Media Streamer Platforms Roundupby Ganesh T S on June 13, 2010 7:00 PM EST
- Posted in
- Home Theater
- Media Streamer
This segment of the market is dominated by two main semiconductor companies, namely, Sigma Designs and Realtek. Now, Nvidia has jumped into the fray with the Tegra 2 chipset. Undoubtedly, the most famous products using the Sigma chip are the WDTV and the WDTV Live. However, the most powerful ones are the Networked Media Tanks (NMTs) such as Popcorn Hour's PCH-A110 and PCH-C200. With some add-ons, the PCH-C200 can also be considered as a media streamer / Blu-Ray player combo. A slew of media streamers using the Realtek platform have been released in the last few months. The most famous one is the Asus O!Play series. Other interesting offerings include the Xtreamer and the AC Ryan's Playon! HD. The Boxee Box was revealed to be based on the Tegra 2 chipset in CES 2010.
At the end of 2009, Sigma Design had two generations of products going into succesful media streamers, namely the 863x and 865x / 864x series. In all probability, the 865x and the 864x are from the same silicon, with the DRM segments and some video processing units disabled in hardware in the slightly underclocked 865x series. All the products have a MIPS32 processor, with the 863x series sporting a 333 MHz version, while the 865x and 864x sport 500 MHz and 667 MHz versions respectively. The standard USB, Ethernet and SATA connections are available in all the three SOCs, with the 864x also supporting SDIO. In addition to the usual acceleration for H264, VC-1, MPEG-2, DivX and MPEG-1, the Sigma SOCs also supports China's H264 competitor, AVS (864x and 865x only). The only missing piece is support for RMVB. With dedicated audio DSPs, audio codec support is also excellent. Depending on the end-product (whether a hard drive is included in the unit or not), power consumption may vary. While the WDTV (which uses the 8635) has an operational power around 8W, while the WDTV Live (which uses the 8655) has an operational power around 7W. On the other hand, the PCH-A110 (using the 8635) with an internal hard drive has an operational power of 15W. The PCH C-200 (which uses the 8643) is also rated for for a typical operational power of 15W. However, with internal hard drives and the optional Blu-Ray drive, the power draw may momentarily go as high as 70W.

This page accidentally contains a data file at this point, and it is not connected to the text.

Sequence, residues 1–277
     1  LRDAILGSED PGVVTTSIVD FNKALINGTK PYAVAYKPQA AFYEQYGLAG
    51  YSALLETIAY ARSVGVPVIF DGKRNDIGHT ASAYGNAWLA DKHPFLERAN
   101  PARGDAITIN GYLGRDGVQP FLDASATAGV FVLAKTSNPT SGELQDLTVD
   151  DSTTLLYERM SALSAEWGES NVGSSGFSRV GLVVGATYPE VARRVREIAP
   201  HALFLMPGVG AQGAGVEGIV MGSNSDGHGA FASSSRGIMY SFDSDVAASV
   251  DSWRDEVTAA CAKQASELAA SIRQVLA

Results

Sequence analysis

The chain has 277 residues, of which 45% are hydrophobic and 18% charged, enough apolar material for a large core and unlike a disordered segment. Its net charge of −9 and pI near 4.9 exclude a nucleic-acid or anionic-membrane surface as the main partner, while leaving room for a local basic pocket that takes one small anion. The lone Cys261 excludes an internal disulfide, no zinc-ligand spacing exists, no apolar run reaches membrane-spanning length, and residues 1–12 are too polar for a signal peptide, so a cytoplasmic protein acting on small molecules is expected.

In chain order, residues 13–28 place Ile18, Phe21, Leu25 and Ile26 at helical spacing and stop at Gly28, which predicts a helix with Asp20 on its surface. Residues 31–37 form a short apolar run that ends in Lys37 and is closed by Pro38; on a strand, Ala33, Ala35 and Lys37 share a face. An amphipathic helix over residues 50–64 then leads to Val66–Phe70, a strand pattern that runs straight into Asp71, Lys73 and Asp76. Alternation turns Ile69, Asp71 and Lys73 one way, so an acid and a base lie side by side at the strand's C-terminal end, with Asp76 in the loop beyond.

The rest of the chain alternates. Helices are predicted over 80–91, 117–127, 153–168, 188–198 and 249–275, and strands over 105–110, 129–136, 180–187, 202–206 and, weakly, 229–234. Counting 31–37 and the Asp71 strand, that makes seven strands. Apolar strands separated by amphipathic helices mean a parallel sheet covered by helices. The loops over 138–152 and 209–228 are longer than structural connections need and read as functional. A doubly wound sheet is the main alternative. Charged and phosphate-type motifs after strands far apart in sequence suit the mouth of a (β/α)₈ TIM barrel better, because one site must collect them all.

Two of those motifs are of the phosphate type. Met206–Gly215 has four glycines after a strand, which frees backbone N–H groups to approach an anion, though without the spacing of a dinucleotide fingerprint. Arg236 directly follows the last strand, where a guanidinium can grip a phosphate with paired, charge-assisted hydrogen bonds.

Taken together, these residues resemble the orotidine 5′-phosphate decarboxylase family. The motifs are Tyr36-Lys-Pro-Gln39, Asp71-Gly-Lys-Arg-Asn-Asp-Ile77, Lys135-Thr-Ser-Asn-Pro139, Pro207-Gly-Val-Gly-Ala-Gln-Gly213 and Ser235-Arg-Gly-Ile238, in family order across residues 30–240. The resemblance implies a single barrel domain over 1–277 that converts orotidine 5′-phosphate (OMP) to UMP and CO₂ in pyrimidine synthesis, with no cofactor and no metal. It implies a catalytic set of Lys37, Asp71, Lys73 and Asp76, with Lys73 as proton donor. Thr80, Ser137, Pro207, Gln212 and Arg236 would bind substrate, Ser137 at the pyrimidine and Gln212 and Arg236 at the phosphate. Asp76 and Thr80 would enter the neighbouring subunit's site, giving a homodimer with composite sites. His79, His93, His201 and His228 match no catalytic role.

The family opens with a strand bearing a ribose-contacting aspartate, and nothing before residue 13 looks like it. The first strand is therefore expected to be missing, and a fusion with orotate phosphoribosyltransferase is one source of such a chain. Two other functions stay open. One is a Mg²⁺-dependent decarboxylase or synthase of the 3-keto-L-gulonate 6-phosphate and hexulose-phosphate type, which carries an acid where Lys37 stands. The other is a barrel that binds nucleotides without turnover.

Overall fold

Though Realtek has had multiple generations of SOCs geared towards this market (RTD1061, and now RTD1073 / RTD1283DD), they have not been as successful as Sigma Designs. The first well-known player using Realtek was from Asus, namely, the O!Play HDP-R1. This uses the RTD1073. Xtreamer, which made waves within the media streamer enthusiast community, when it first arrived on the scene, claims to use a specifically designed RTD128x (the 1283DD), which is nothing but a overclocked version of the RTD1073 with probably some unused PVR functionality built in. From the media streaming viewpoint, the technical capabilities of all these products are the same. The RTD1073 utilizes a 400 MHz MIPS32 host CPU with hardware support for decoding Real Media videos. Realtek provides connectivity options similar to the Sigma Designs SOCs. The Asus model goes one step further and exposes one of the SATA interfaces outside the unit as an eSATA port. The Realtek SOC happens to be not as power efficient as the Sigma SOC, with the Asus O!Play's operational power weighing in at a little less than 10W.